Recently, I was reading a piece in a magazine by a woman whose husband had left her for another woman. She was coping with the betrayal, in part, by repeating the phrase, “There is nothing personal going on here.” It sounds crazy, but realizing that the problem wasn’t her, it was her husband’s own drama, made it easier to accept and easier to deal with fear and anger.
The piece resonated with me, and the words “it’s not personal” kept popping into my head in the following days.
I’ve long held the belief that when people get angry or frustrated, it’s often for the wrong reasons. That person who cut you off in traffic didn’t do it because he picked you out specifically to annoy; he’s just a rotten or a distracted driver. That coworker who slacked on a project didn’t do it to make you look bad and steal your job; she may have been tired or overworked or maybe just is not a team player. Yes, it’s difficult when there aren’t enough checkers at the grocery store and the lines are long and tempers are flaring and the kids are climbing in the cart and squashing the bananas; but management didn’t cut staff with the express intention of making you mad. It’s my opinion that there are very few things worth getting truly angry over.
But somehow, I have had a hard time applying this theory when it comes to parenting. When your children are misbehaving or being defiant or tantruming or just being difficult, it’s really hard to not take it personally. Sometimes it feels oh so personal.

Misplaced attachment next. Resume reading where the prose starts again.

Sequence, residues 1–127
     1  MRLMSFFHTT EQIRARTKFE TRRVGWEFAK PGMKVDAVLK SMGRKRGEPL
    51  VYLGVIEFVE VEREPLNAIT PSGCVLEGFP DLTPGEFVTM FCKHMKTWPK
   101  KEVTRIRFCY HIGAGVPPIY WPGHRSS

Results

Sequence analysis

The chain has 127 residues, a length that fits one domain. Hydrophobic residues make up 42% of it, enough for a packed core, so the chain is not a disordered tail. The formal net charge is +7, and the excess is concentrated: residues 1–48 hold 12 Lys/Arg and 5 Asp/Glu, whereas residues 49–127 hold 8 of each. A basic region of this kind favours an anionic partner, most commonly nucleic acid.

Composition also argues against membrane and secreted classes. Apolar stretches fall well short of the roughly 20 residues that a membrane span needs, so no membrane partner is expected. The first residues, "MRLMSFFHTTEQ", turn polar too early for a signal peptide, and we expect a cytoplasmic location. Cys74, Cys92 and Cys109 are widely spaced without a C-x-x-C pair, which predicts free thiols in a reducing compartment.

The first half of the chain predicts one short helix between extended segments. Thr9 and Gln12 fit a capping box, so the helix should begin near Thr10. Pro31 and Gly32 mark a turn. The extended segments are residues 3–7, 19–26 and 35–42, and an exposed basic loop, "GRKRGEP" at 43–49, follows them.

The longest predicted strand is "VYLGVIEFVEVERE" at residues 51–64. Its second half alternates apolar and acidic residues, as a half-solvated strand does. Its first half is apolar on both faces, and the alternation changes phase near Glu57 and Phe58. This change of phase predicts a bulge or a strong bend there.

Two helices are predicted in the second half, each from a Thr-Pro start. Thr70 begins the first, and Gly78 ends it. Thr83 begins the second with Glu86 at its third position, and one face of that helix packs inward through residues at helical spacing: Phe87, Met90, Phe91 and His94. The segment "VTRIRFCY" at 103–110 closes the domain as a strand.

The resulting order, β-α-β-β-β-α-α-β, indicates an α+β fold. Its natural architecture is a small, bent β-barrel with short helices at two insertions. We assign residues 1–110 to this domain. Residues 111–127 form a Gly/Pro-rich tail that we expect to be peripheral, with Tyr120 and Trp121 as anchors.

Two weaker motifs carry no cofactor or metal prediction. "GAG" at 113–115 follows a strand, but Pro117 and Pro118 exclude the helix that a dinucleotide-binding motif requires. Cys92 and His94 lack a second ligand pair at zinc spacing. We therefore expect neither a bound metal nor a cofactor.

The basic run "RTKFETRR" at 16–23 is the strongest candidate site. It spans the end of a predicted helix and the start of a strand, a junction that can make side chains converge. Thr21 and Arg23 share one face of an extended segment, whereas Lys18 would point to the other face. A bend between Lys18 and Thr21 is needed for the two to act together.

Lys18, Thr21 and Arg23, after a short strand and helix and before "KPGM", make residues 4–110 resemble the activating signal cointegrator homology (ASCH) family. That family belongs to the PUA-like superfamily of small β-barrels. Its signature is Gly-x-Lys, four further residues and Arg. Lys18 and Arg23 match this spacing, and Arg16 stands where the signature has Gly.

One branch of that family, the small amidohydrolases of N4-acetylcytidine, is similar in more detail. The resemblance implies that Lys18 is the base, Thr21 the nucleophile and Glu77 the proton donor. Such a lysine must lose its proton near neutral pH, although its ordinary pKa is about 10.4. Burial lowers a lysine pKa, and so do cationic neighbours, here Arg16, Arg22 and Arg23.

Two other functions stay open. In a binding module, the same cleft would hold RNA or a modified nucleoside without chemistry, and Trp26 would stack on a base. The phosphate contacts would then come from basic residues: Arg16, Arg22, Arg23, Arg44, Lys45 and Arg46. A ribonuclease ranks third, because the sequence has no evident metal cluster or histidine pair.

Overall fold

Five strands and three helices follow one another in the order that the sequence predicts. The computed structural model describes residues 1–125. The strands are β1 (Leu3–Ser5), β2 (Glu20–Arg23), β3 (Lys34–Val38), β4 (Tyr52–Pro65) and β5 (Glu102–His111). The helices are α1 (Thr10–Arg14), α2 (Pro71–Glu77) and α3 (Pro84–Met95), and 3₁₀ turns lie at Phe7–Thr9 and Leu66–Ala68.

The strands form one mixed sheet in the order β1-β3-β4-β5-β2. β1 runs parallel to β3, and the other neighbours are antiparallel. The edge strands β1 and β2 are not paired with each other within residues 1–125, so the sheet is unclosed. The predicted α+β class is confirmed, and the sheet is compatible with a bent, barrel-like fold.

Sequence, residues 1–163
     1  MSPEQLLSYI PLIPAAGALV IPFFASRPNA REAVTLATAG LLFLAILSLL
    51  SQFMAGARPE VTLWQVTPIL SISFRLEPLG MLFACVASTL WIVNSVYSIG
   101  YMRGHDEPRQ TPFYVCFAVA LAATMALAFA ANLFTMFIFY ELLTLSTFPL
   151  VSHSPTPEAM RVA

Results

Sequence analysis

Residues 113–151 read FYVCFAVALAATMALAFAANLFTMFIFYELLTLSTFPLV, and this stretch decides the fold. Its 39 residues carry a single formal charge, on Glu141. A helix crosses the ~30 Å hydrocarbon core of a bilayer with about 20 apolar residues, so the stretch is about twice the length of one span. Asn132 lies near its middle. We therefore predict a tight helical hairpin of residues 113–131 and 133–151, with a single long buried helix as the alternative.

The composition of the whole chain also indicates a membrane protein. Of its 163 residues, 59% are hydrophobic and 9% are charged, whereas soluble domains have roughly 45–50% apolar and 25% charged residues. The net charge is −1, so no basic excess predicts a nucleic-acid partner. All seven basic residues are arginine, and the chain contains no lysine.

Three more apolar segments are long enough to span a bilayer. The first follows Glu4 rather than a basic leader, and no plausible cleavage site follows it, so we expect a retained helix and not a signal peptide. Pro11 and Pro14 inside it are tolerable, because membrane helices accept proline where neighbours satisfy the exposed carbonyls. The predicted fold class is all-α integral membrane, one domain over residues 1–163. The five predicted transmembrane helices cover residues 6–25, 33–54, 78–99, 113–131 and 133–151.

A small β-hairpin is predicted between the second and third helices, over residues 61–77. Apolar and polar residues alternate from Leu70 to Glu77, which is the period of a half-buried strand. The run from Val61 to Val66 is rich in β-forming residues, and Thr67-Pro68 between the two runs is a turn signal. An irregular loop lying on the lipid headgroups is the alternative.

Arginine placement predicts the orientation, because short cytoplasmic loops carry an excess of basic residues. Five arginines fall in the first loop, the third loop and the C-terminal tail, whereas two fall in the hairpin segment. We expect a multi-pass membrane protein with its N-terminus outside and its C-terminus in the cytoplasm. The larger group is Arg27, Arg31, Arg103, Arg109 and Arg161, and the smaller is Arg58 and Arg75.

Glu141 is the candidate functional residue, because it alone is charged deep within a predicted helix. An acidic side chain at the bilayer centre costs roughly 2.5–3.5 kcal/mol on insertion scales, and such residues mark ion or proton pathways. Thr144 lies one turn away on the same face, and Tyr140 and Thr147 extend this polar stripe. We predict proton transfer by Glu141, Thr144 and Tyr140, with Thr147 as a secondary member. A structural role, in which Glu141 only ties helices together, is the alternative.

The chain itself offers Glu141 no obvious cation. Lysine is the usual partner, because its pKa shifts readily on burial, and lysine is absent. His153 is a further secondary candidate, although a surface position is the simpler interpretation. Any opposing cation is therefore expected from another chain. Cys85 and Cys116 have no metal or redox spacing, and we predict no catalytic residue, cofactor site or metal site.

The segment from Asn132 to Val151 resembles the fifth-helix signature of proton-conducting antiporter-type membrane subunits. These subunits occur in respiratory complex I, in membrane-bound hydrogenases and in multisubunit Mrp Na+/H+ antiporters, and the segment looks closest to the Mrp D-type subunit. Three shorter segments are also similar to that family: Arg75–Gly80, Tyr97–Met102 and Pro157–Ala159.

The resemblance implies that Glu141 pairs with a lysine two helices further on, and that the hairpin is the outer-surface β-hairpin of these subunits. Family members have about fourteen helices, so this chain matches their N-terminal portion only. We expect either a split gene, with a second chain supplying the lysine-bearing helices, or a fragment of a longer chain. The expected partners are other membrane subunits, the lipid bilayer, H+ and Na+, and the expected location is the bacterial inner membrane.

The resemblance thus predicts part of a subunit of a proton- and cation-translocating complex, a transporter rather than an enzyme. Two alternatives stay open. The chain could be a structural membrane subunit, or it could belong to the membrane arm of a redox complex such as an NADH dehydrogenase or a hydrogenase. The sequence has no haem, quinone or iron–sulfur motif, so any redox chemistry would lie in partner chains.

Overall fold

Last week, my husband was out of town for work, and my kids were dragging out bedtime one night. After my 5 year old got out of bed for what seemed like the hundredth time, I got angry and said, “Why are you guys doing this to me?” And then it hit me. They weren’t doing anything to me. Bedtime battles are incredibly normal. Developmentally speaking, 5 and 3 year olds aren’t supposed to want to stop playing and exploring and go to sleep. I have a problem settling down at night too, that’s why I do yoga.
It was not personal. My children had not huddled together in their room and made a pact to stay up half the night and keep me from cleaning and paying bills, and let’s be honest, blogging and updating my Facebook status.
Once I acknowledged that the bedtime struggles were not a personal vendetta against me and my desire for alone time, it was easier to be rational, easier to put the kids back in bed one more time, easier to not blow a gasket when they wanted water, easier to tell them that they needed their rest to be healthy and that I was done answering questions and fetching water and helping in the bathroom.
It worked. My calmer self led to calmer children who stayed in bed and went to sleep.
The next time I’m struggling as a parent, I’m going to remember this. It’s not personal.
Try it. What do you think?